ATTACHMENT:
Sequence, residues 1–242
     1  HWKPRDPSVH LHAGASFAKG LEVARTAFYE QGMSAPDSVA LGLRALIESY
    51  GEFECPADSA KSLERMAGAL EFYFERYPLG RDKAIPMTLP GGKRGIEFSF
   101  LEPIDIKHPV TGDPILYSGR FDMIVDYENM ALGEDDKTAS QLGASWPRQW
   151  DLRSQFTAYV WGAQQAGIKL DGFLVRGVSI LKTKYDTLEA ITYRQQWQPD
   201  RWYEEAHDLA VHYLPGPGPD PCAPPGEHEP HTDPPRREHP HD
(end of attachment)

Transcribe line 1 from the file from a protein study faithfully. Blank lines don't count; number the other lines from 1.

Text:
Sequence, residues 1–242